Creating a Spherical Panorama in Papervision

Panoramas are both fun and easy to create in Papervision. You rez a cube or sphere on the stage and put an image on it. You then place a spinning camera in the center. That’s all there is to it!

So what’s the secret behind a great panorama?

The secret of making great panoramas is in using great images. In an upcoming series Amanda Verette (one of my graphic designers) will be posting a series of video tutorials on how to create fantastic spherical images using a fish eye lens and various photo editing tools. But until then I’ll explain the Papervision code.

Here’s one of Amanda’s spherical photos. Click on the image to see the Papervision Panorama in action.

Spherical Panorama Image

Spherical Panorama Image

Demo: http://www.professionalpapervision.com/demos/web/sphericalpano/

Source: SphericalPano.zip

YouTube

Coding a Panorama is simple. Download the full source code by clicking the source link above, and click the more button below to see how it works.

After all the typical Papervision Imports and declarations, embed the panorama swf in your Flex project using the following code (Amanda will show you how to make an swf out of your spherical image in an upcoming video)

[Embed(source=”assets/ampitheaterPanoWeb.swf”)]
private var panoAsset:Class;

Next create the Pano Material to be placed on your sphere

//Create the pano material
var movieAsset:MovieClipAsset = new panoAsset();
sphereMat = new MovieMaterial(movieAsset, false);
sphereMat.opposite = true;
sphereMat.animated = true;

Then place that material on a Sphere and add the Sphere to your scene

//Create the panosphere.
panoSphere = new Sphere(sphereMat, 25000, 30,30);

scene.addChild(panoSphere);

The dimensions of your sphere are important and you will have to play around with optimization and sphere radius a bit. The numbers above work well for our image. At a minimum use the C=2PI*r rule to find the radius of your sphere using C the circumference of your sphere as the width of your image.

But in Papervsion pixels lose some meaning due to how perspective is calculated. So after doing the calculation above make adjustments so it looks good.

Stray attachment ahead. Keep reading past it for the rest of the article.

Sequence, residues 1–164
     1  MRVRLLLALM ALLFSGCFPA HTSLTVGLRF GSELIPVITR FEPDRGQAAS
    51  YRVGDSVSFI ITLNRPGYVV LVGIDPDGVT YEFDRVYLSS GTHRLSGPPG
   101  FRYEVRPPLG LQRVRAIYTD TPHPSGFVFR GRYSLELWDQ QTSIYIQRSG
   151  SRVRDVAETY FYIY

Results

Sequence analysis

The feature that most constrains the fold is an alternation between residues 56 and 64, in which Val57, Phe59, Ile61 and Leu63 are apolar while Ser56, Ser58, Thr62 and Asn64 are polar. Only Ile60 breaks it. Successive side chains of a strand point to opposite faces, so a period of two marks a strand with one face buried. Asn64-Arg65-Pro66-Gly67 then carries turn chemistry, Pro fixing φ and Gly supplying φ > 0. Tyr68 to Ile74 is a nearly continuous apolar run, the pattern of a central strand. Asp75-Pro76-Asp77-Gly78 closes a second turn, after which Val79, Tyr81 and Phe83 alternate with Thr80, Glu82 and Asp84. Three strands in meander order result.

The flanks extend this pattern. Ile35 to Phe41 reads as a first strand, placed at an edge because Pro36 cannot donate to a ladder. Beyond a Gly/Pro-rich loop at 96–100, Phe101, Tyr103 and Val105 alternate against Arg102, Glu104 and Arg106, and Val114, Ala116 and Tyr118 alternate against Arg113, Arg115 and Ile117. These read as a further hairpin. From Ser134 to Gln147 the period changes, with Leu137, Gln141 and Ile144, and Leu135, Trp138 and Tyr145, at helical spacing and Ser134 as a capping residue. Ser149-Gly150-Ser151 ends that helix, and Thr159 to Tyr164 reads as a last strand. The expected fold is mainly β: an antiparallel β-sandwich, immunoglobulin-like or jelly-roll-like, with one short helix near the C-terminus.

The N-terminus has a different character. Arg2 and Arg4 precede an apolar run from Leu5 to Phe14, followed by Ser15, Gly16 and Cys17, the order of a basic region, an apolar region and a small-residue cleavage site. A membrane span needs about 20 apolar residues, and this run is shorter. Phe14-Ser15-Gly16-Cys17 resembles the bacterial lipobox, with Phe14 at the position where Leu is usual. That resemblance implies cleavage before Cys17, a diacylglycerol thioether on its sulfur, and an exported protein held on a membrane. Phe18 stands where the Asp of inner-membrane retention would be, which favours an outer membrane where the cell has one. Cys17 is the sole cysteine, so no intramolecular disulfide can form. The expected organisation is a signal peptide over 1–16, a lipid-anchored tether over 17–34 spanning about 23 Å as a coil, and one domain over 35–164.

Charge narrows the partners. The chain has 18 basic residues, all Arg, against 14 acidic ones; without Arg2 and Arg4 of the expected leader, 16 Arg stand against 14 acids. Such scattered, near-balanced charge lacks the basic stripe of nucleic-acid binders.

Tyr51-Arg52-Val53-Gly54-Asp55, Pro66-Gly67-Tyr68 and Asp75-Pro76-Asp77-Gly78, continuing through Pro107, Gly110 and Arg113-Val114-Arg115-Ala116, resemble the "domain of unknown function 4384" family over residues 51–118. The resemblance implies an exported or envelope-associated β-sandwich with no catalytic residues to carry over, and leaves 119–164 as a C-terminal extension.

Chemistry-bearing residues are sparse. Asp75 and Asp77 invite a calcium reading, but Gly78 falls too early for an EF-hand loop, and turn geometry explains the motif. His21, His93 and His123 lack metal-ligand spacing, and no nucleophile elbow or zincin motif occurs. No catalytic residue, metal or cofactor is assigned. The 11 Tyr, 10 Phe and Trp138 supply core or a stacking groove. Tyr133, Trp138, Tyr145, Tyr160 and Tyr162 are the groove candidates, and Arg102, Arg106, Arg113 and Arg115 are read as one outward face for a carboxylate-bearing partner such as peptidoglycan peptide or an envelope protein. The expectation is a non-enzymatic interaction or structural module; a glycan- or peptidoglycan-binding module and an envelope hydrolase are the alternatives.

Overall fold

Then add your camera to the center of your Panorama

//position the camera in the center of the sphere, and set it’s properties for focus and zoom.
camera.x = camera.y = camera.z = 0;
camera.focus = 300;
camera.zoom = 2;

You’ll need to play around with focus and zoom until it looks good.

Finally set your camera motion based on mouse movement. In our case, the pano moves to where you click and hold the mouse button.

camera.rotationY = camera.rotationY + (mouseX – stage.width / 2) / 50;
camera.rotationX = camera.rotationX – (mouseY – stage.height / 2) / 50;

That’s really all there is to it. Download the source code. Try it out. Have fun!

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9 Responses to Creating a Spherical Panorama in Papervision

  1. Dimitris says:

    Thanks for this. I can’t wait for Amanda’s tutorial though!

  2. paul says:

    Thanks Mike! This will really come in handy.

    We’re planning to make a panoramic image of our church resource center.

    Also excited to see Amanda’s tutorial. :)

  3. […] is essentially a combination of the button panel and panorama discussed in previous posts. But if you put them together they will not work. The button panel has […]

  4. Joshua says:

    Hey!!!! awesome tutorial, your right it’s extemely simple! Here’s the thing… Is it possible to place listeners on portions of the sphere for the user to click? Links and what not?
    Thanks, i know this is a couple months past the last comment i really hope you can help me with this.
    Joshua Gaudette.

    • Mike Lively says:

      Oh sure! It’s just 3D space. You can put a listener anywhere. You just need to keep track of where it is. I’ll try to get something up on this in the next few weeks. Thanks for asking!

  5. Sacen says:

    Hey Mike

    Thanks for the tutorial, it’s really useful for my next assignment. I would love to know how you can add button and stuff to interact in the 3d space : )

    Sacen

  6. Steve Pidgeon says:

    Very Cool!

    For a cylindrical you do what? Change the sphere to a cylinder? And do what?

  7. David says:

    Hi
    Thanks for this very easy to follow example. I have managed to add basic hotspots by creating a new plane and adding a listener like
    plane. addEventListener ( InteractiveScene3DEvent. OBJECT_PRESS , onMDown ) ;
    but am a bit stuck as to what to do with my onMDown function due to the way you embed the swf. Any ideas?

  8. David says:

    I have just re read my earlier post and it probably doesn’t make sense. What I am trying to do is use the hotspot to load a different swf.

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